That being said, when done incorrectly, VR is a terrible, potentially messy experience. While indie developers are seeing a lot more interest in their work these days, those who venture into VR territory could quickly become untouchable if they cannot adapt their game in a way that ensures audiences don’t become sick while playing. In some ways, VR could actually set the indie movement back.


I say in “some ways” because there’s a constant theme going on in every VR demonstration: someone is assisting you. Putting on some of these headsets is a bit difficult. With sound and vision impaired, a lot could go wrong for VR players who live alone. Missed phone calls are the least of your worries. During one Walking Dead VR demo, a participant forgot that the VR gun we were given was only for firing, not melee combat, and started violently swinging his gun, enough so that many of us thought the nearby crew may have been in danger (or that the participant had a mental condition). I know I avoided several near smacks when walking around some VR demos. As I live in Japan, where the Nintendo Wii (U) tells users who aren’t impairing their vision to watch out for nearby objects, I wonder if the technology will be well received in that region. Oh, and do I have to mention what might happen in an emergency? If your sense of smell can’t pick up smoke from a fire, VR could pose a serious risk in an emergency situation.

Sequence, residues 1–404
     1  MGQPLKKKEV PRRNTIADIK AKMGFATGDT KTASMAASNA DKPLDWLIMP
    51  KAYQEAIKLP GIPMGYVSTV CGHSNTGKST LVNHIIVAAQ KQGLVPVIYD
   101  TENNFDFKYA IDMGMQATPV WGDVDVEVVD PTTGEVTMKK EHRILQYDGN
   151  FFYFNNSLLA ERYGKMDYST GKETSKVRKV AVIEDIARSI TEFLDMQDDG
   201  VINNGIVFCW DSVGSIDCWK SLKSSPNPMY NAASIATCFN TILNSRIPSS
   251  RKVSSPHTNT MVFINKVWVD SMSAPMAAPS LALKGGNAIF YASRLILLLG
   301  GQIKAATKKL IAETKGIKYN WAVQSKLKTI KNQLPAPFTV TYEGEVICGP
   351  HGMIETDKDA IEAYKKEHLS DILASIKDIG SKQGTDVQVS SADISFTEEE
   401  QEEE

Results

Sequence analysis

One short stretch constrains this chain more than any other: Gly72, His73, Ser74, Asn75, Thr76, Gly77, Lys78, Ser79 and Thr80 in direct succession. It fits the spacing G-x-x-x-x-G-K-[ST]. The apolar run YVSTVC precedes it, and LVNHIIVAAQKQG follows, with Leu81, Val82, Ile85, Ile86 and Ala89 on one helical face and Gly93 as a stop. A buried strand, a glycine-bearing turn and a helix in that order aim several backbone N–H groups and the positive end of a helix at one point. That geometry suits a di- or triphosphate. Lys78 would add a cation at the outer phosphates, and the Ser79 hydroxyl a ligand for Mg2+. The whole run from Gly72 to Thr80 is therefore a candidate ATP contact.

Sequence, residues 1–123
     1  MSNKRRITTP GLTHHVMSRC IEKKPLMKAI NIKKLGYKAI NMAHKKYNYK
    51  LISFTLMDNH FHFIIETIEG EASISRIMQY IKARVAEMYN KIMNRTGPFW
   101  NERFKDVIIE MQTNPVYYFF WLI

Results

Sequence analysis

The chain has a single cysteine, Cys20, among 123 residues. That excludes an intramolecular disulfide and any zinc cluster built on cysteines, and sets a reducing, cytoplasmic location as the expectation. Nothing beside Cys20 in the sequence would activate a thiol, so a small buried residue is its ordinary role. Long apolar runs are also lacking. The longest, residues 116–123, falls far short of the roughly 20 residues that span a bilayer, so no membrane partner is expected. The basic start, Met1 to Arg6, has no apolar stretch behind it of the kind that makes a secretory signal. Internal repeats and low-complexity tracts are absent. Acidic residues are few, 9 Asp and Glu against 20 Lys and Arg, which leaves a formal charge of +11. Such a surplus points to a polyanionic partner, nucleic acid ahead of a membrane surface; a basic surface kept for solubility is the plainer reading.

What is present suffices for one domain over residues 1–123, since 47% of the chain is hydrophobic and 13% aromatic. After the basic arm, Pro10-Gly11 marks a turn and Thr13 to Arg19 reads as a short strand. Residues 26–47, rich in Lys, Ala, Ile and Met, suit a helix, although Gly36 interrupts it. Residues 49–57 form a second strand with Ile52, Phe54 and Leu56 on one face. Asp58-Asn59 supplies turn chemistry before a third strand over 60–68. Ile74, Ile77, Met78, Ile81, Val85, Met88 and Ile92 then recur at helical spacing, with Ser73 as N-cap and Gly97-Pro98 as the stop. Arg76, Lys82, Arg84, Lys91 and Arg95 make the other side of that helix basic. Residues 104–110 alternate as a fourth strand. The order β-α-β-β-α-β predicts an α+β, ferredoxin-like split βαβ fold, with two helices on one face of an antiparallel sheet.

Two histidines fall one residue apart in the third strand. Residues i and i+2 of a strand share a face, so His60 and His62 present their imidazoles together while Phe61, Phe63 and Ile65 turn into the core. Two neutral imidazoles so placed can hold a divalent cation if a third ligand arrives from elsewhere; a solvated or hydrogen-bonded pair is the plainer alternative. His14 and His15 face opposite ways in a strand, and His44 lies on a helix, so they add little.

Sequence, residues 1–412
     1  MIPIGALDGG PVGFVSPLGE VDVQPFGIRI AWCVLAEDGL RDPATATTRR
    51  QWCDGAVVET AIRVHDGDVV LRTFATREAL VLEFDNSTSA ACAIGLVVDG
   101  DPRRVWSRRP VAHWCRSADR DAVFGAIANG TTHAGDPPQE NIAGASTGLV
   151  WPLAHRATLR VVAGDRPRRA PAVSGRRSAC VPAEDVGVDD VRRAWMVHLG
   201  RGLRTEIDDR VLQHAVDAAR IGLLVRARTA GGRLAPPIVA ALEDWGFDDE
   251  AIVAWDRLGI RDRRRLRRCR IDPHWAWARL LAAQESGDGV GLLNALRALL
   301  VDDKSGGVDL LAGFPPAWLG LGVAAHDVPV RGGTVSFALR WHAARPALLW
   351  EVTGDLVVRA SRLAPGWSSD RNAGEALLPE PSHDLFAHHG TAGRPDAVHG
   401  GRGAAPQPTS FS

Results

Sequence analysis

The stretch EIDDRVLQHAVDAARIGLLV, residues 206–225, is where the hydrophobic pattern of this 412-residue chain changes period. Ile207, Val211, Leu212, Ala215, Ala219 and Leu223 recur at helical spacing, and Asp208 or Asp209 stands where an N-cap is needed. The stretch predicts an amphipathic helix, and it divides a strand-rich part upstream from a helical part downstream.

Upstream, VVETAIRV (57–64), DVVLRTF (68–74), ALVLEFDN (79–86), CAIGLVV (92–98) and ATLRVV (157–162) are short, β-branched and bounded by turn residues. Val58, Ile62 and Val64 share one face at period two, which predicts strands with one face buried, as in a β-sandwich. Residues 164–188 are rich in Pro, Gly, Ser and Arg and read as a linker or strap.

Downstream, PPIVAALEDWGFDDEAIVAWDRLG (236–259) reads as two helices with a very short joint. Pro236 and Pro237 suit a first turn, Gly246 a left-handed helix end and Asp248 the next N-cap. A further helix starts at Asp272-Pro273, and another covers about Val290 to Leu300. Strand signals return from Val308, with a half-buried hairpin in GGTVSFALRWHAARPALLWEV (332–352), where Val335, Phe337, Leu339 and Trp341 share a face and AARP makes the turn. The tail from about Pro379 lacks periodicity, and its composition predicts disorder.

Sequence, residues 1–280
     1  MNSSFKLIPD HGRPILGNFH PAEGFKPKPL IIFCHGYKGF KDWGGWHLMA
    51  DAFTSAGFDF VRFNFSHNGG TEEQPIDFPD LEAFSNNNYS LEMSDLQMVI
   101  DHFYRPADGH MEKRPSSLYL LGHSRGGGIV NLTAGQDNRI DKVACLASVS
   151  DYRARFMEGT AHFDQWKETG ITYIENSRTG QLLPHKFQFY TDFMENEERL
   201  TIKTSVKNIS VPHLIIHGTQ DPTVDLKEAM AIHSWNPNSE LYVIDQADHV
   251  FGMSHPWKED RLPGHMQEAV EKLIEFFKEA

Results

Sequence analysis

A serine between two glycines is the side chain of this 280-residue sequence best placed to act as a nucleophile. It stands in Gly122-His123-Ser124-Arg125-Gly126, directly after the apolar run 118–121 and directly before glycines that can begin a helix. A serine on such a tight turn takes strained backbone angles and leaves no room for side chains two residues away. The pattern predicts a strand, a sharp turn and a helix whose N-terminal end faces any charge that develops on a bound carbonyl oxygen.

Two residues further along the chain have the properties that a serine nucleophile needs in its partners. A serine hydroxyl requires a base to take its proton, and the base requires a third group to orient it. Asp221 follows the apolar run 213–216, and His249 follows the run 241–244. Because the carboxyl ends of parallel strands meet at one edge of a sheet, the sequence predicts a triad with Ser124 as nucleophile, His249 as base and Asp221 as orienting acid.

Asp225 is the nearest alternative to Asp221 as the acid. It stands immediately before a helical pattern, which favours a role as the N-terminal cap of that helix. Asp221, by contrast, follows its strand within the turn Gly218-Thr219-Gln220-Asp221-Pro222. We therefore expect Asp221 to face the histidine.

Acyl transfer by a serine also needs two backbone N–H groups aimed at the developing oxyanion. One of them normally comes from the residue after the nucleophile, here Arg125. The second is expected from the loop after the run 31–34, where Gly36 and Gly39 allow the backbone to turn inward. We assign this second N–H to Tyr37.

Price wise, most of the numbers are resting around $200. That’s not too bad for gamers, but at the same time, I’ve heard the Rift at least needs a decent amount of power that non-gamers may not possess. The price of a new computer and the Rift may be limiting for some people, so even if you want to explore Wander if your non-gamer significant other, it may not be possible yet. AntVR’s headset is supposed to be all in one, usable with phones and priced at $250, but I’ve seen no one outside the company itself using the headset for demos.

Without a doubt, VR is “winning” at E3 2015. Some amateur games/tech demos are really showing how there will need to be some training involved in adapting to the new hardware, but the overall experience seems positive. There are sadly some issues for those of us with glasses, but the major players (Oculus and Samsung) seem to have us covered. The fact that, out of seemingly no where, we’ve gotten several competing companies bringing VR out at the same time seems to indicate that this could be the next big thing, but there are a few issues they’ll also be introducing. It’ll be interesting to see how the new tech effects our hobby.